Pipe Tomahawk — Jack Brooks
(9-day class)
Jack will make a pattern and have custom steel heads cast for a pipe tomahawk based on one plowed up on a farm along the Cumberland Trace just minutes from the seminar site in Bowling Green. Finishing the tomahawk will give students an opportunity to learn and practice many skills fundamental to rifle making such as filing, polishing, engraving, metal in metal inlay, wood scraping, inlay in wood, staining and finishing. Most students will, hopefully, leave the class with a finished tomahawk. Class limited to eight.
Materials fee: Approximately $90

Relief Carving —Gary Brumfield
(6-day class)
Learn to carve by working on a machine shaped longrifle butt stock that will go home with you as study piece and reference. (Because the students will be experimenting with various tools and methods they will not be allowed to work on an actual rifle.) Pick any style of carving. Topics covered will include selecting and sharpening tools, various methods of backgrounding and sculpting, etc. Although beginners are welcome, this class in traditional carving techniques best serves those who have some experience in wood working. Class limited to eight.
Material fee: Approximately $100.

Spur-Pommel Pistol—Ron Ehlert
(9-day class)
This class will work on stocking a long-barreled bulbous-butt pistol in the style of the early 18th century. The fourteen-inch octagon-to-round barrels will come from Ed Rayle and will be inlet into a European Walnut stock blank in class. The student can pick either a flat or convex face lock. The butt cap and trigger guard will be commercial castings. The other brass mounts and the trigger will be made in the class. An original German pistol will be on hand for reference but students can chose to do their pistol in the English style if they wish.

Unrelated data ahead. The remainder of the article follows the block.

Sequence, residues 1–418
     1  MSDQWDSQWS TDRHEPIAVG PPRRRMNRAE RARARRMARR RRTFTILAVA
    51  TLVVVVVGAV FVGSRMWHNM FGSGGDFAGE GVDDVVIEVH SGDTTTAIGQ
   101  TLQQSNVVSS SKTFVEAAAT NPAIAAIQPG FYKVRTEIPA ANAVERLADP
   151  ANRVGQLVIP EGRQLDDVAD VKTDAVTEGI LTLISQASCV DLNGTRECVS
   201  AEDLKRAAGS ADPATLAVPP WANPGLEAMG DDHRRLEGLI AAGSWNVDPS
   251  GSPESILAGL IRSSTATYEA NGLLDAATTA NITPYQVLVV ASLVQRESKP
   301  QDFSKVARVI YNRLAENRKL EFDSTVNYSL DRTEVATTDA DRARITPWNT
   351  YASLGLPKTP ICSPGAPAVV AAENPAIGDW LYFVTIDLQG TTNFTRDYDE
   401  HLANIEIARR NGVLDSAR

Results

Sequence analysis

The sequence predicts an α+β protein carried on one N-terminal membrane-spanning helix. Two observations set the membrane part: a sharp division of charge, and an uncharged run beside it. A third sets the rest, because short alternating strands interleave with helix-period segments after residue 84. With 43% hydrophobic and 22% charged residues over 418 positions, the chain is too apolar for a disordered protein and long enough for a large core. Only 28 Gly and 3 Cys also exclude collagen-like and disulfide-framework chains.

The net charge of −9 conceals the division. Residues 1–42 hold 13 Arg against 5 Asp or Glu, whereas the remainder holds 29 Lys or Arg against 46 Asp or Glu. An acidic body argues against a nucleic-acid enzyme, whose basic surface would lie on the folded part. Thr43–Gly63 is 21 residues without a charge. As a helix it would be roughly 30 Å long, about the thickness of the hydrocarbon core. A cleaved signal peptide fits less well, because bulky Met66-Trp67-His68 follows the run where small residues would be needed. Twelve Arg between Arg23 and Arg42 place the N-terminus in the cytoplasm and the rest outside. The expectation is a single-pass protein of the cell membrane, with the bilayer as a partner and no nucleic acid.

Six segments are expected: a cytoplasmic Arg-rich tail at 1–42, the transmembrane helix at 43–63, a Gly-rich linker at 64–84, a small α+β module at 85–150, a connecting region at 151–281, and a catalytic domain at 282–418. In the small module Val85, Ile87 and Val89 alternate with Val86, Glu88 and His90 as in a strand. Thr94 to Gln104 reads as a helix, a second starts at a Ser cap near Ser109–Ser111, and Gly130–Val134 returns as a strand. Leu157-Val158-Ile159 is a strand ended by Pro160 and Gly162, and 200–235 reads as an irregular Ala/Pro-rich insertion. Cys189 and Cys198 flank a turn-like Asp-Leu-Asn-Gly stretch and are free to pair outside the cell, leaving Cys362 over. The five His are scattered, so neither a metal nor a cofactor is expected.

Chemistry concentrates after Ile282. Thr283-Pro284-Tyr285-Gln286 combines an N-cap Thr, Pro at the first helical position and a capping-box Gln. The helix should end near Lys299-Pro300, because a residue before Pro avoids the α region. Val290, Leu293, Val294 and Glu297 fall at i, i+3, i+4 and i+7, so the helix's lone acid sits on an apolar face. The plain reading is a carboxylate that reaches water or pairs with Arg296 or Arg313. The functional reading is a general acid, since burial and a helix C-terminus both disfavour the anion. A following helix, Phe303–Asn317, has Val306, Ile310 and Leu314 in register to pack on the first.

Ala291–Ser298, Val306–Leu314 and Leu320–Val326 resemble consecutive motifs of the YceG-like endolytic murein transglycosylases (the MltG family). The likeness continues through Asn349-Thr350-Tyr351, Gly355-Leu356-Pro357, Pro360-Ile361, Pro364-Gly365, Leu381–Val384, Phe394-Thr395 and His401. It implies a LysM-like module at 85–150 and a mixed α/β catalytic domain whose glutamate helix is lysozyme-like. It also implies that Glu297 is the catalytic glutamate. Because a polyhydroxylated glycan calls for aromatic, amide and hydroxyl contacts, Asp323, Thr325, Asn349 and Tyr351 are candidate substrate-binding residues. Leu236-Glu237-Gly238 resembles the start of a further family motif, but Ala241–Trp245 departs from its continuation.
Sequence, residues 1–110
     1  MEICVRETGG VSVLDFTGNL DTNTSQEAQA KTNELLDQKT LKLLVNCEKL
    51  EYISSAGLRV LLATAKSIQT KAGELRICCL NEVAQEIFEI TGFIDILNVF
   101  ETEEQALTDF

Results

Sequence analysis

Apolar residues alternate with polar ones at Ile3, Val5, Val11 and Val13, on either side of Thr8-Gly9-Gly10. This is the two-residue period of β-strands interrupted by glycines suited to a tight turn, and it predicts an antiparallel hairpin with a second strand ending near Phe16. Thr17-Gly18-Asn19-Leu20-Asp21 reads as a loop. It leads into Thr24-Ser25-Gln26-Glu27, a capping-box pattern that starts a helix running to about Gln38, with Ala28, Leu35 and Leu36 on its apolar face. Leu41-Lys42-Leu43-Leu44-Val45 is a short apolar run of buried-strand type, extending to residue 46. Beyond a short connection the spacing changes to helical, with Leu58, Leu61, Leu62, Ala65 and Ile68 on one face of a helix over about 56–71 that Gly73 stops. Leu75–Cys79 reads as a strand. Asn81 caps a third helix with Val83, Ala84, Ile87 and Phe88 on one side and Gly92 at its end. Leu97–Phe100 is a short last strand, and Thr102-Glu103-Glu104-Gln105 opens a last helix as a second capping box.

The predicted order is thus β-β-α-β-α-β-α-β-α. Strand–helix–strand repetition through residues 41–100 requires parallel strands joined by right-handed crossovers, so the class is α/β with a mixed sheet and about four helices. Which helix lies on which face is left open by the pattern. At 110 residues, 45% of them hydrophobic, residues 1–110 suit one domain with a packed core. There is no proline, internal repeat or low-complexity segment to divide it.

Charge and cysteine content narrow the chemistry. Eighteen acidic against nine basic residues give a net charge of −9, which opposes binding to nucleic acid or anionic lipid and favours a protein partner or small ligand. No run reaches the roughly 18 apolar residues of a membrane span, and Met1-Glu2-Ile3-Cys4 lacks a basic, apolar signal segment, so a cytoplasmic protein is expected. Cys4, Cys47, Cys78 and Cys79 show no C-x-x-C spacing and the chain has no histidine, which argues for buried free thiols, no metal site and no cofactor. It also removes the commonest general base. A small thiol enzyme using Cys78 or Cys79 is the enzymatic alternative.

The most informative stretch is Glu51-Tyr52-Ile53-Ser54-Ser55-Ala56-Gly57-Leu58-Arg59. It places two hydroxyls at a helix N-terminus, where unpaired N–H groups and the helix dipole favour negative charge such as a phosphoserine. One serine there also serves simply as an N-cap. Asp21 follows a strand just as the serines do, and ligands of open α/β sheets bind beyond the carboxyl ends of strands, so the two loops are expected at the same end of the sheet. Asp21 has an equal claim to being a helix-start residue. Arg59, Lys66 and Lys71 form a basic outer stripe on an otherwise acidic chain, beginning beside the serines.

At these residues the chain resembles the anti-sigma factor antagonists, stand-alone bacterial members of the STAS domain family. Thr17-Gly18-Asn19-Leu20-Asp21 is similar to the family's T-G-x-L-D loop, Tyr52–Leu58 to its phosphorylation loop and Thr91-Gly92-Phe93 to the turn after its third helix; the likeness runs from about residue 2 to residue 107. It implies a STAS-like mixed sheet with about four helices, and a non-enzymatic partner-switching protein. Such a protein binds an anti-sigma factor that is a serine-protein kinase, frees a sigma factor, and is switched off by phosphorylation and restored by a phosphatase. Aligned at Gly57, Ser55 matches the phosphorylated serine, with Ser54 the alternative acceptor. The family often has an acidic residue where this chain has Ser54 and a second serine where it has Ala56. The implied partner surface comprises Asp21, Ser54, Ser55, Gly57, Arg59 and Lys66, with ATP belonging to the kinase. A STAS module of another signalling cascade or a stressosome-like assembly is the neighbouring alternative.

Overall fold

Material fee: $ 350

Wire and Sheet Metal Inlay for the Longrifle — Wallace Gusler DID NOT FILL
(6-day class)
Learn the techniques for designing, making, and installing cheek piece inlays, thumb pieces, and escutcheons. You will also learn to do the types of silver and brass wire inlay found on longrifles. Students may bring a “Quaker gun” practice stock from an earlier carving or patchbox class. (Do not expect to work on an actual rifle.) Class limited to eight.
Material fee: Approximately $20. An additional $95 if the student needs a pre-turned stock to work on.



Whenever weather permits, the Saturday afternoon of the nine day seminar becomes a time to relax with an informal shoot and picnic where students and instructors share two common interests, shooting and eating, and get to know each other.

Hank brought his recently finished snaphaunce musket to share.

Pat and Vickie return fro setting up the targets.  (top)

The Learning to Look class gave students a chance handle, measure, and
photograph over a dozen original rifles and trade guns. (top)

After the background is smooth, the raised carving is brought to life
by sculpting the leaves and scrolls.

Jeff compares his work to the photo of the original.

Ed uses one of the music wire stamping chisels to accent the carving. (top)

Mark's engraving class.

It is hard to get a picture of an engraver that doesn't include the top of his head!


Perry is moving right along in Ron's pistol class.

John is making the shavings fly in the Iron Mounted Rifle class. (top)

Jack lending a hand in engraving on of the tomahawks.

Vickie staining the haft of her hawk.

A finished project to be proud of, unfortunately I forgot who made it.
If you know, email me and I will add the name here.